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Most of the photos on this site were extracted from reference images (high-resolution tiffs, 20 to 200 megabytes in size) from the Library of Congress research archive. (To query the database click here.) Many were digitized by LOC contractors using a Sinar studio back. They are adjusted by your webmaster for contrast and color in Photoshop before being downsized and turned into the jpegs you see here.

 
 
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VINTAGRAPH • WPA • WWII • THE NAVY NEEDS YOU IN THE WAVES

Mr. Mambert: 1941

Mr. Mambert: 1941

October 1941. "Mr. Mambert, Hudson River farmer near Coxsackie, New York." Photo by John Collier for the Resettlement Administration. View full size.

 

Successful Chicken Farmer

My father established a Chicken Farm in Barnegat, New Jersey in 1922 and had an average of 4,000 white leghorns for the next 34 years. He also raised vegetables and sold them at a farm stand in the front yard of the house, ending in fall of 1987. He came to America in 1911, from northern Italy, and soon thereafter his mother and five sisters came too, all passing through Ellis Island and all of their immigration activity was possible because of a cousin that had come to New York City years before and established a successful store. My father lived to be almost 98, so I know that the chicken business and farming was and still can be a successful way of life. I spent hundreds of hours working at the farm, starting around 1945 at the age of 5, until September, 1958. It would be nice to see more postings of all types of farms in America during the past 100 years and read about their success and in many cases their continuation with younger generations.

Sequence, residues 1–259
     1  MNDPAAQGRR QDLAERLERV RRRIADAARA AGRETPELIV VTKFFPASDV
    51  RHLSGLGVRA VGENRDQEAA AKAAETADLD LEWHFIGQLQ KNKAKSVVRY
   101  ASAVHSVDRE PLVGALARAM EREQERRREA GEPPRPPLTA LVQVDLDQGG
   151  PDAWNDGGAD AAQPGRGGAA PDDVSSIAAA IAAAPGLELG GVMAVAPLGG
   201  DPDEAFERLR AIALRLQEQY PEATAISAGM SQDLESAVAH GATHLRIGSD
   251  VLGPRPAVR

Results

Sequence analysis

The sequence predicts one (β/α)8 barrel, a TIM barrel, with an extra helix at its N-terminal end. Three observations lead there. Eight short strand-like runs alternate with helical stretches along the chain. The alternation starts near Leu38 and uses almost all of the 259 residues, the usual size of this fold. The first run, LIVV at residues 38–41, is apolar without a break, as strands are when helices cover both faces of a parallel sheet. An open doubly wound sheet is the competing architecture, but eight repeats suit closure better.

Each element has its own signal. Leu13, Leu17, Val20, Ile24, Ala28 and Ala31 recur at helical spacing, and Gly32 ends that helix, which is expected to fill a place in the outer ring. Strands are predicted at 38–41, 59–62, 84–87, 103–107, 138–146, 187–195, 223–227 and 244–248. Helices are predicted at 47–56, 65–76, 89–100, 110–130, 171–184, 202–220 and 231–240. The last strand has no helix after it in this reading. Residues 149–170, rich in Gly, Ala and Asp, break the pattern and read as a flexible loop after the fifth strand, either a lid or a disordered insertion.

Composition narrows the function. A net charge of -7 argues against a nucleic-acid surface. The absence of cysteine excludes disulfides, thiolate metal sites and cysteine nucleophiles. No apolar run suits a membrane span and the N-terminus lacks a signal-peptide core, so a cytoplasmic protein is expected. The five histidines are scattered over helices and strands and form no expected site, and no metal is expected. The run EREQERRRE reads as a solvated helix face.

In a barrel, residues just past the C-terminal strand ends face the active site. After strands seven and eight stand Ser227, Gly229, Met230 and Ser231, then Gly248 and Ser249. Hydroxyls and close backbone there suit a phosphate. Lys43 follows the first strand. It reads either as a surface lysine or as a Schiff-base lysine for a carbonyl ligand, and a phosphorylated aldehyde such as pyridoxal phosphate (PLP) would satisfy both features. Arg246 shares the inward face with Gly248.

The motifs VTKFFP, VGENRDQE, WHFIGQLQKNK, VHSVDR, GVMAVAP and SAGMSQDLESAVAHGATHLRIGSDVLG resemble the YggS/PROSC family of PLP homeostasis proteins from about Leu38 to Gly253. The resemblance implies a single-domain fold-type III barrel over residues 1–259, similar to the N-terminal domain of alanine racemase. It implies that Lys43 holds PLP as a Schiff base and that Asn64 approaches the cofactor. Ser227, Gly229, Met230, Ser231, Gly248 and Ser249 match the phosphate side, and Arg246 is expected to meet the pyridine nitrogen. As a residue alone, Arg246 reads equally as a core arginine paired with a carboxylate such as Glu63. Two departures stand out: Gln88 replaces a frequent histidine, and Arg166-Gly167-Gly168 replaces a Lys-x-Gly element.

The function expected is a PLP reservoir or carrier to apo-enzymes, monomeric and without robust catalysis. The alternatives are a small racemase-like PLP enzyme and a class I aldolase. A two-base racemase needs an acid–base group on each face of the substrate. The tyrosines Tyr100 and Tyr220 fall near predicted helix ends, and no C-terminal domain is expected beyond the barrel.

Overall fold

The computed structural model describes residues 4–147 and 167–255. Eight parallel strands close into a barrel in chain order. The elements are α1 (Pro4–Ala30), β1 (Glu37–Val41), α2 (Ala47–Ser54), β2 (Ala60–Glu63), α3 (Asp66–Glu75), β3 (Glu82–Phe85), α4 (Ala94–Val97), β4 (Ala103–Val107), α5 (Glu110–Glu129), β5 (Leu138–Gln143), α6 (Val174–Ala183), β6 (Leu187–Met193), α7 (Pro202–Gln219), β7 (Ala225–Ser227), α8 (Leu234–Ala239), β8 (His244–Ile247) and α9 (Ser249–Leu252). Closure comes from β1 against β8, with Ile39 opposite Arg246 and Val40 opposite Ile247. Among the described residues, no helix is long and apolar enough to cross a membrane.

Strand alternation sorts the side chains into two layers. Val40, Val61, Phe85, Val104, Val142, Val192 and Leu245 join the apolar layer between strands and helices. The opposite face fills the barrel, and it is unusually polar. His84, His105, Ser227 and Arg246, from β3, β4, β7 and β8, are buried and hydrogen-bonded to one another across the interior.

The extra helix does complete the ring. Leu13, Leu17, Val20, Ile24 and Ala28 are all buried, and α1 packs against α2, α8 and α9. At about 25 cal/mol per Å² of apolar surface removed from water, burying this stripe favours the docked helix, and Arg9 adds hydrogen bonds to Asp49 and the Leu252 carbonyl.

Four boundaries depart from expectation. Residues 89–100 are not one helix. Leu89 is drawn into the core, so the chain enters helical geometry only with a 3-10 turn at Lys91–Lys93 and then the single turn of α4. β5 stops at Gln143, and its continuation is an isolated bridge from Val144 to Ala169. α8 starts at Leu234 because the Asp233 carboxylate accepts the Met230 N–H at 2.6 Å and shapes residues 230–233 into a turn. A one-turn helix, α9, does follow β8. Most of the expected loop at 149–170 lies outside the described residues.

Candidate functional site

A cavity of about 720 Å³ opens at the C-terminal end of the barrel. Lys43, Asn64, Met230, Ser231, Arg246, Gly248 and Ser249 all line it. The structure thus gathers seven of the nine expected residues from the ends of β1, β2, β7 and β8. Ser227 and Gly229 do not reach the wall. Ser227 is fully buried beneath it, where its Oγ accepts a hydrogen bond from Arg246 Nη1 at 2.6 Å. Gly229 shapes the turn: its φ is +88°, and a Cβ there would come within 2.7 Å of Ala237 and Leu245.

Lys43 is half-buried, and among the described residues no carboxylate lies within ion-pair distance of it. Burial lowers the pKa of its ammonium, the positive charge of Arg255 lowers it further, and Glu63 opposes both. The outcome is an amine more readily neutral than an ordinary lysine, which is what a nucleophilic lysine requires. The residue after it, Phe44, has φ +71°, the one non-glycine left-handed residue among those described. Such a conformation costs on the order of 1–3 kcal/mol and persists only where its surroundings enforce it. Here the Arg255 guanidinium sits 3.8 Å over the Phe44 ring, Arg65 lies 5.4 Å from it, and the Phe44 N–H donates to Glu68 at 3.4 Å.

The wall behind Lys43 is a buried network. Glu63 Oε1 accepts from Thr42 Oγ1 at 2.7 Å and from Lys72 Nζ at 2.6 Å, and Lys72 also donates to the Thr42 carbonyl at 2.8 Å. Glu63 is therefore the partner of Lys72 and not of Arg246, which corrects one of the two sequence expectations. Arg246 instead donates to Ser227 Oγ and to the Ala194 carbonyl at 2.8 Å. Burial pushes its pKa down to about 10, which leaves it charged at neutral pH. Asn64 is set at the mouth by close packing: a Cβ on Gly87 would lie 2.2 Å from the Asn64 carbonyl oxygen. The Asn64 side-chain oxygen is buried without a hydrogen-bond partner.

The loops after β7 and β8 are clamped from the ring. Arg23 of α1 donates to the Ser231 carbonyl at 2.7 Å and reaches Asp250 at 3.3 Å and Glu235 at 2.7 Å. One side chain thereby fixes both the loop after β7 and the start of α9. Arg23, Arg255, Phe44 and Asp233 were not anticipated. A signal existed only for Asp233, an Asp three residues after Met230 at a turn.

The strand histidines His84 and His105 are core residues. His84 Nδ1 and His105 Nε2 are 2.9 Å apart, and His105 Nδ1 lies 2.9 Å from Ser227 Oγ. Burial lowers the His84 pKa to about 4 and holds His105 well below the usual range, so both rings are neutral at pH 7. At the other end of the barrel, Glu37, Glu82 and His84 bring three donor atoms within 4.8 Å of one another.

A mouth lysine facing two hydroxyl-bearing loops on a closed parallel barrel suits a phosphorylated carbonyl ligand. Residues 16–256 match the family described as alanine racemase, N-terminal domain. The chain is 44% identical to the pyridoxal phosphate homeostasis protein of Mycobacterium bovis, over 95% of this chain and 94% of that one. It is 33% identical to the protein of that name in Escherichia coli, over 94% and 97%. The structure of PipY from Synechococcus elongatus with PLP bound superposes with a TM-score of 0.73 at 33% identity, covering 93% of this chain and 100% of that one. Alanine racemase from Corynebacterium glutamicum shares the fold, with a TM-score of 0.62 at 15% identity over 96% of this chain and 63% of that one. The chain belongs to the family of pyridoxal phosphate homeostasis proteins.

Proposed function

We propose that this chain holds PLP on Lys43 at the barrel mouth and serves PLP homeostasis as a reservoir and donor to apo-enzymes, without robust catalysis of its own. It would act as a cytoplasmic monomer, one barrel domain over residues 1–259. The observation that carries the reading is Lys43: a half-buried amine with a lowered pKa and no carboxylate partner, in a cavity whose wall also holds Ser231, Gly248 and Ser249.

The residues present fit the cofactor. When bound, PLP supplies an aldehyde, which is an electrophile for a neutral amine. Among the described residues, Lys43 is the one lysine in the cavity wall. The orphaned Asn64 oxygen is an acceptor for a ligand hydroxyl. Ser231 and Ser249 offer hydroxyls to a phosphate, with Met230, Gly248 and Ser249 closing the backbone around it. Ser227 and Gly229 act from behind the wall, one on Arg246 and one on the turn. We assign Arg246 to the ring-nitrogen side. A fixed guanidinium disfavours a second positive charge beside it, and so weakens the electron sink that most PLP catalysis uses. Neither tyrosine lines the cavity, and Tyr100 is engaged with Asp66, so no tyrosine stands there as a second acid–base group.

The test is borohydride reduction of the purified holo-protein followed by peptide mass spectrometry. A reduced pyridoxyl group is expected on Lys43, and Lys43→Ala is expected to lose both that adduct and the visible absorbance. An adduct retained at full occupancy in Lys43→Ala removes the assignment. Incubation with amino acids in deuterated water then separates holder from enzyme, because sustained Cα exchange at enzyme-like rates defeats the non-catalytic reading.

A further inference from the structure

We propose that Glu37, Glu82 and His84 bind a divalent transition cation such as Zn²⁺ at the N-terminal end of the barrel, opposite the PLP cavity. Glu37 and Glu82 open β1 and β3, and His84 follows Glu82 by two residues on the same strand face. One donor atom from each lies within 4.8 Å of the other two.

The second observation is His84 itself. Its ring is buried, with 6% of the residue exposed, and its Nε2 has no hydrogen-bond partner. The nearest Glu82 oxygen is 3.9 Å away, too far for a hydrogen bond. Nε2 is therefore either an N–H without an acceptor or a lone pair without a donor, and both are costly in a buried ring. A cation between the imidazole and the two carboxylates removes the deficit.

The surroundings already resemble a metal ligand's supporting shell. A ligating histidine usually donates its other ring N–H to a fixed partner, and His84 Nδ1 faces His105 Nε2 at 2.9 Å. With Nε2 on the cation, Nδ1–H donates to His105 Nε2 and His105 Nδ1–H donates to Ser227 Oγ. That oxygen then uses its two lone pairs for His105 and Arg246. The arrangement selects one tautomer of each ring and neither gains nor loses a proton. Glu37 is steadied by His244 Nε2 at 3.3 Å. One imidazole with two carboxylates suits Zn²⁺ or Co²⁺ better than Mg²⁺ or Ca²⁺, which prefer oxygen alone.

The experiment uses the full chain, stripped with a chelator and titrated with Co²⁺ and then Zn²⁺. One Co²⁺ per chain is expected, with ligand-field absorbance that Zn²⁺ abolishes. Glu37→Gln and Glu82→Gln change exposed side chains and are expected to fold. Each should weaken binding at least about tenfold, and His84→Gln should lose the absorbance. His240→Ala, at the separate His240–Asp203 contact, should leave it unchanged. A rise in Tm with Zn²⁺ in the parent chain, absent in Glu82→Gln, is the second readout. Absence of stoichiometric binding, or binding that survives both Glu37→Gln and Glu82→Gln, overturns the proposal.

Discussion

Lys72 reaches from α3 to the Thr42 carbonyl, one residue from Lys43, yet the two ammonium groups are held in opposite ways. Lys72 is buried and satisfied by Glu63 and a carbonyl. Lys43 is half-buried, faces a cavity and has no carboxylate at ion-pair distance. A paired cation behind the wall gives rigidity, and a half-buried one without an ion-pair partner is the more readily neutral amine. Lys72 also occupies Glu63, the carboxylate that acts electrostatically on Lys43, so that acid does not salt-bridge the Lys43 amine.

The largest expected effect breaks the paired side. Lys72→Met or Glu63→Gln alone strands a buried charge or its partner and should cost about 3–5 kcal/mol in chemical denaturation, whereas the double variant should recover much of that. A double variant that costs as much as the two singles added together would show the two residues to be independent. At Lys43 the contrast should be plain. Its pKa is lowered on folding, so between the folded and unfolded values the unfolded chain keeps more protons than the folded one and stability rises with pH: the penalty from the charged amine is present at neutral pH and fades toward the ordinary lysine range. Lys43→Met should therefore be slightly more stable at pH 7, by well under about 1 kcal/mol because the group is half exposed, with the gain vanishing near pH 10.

'A Scared

Mal,

I think all the other Shorpyites were too chicken to post here.

Three Days Have Passed

After three days, not a Shorpy soul has stopped by to pay their respects to Mr. Mambert. Well, I'll do it Mr. Mambert, you worked too hard in life to go with no comment being made.

 
THE 100-YEAR-OLD PHOTO BLOG
Shorpy.com | History in HD is a vintage photo blog featuring thousands of high-definition images from the 1850s to 1950s. The site is named after Shorpy Higginbotham, a teenage coal miner who lived 100 years ago.

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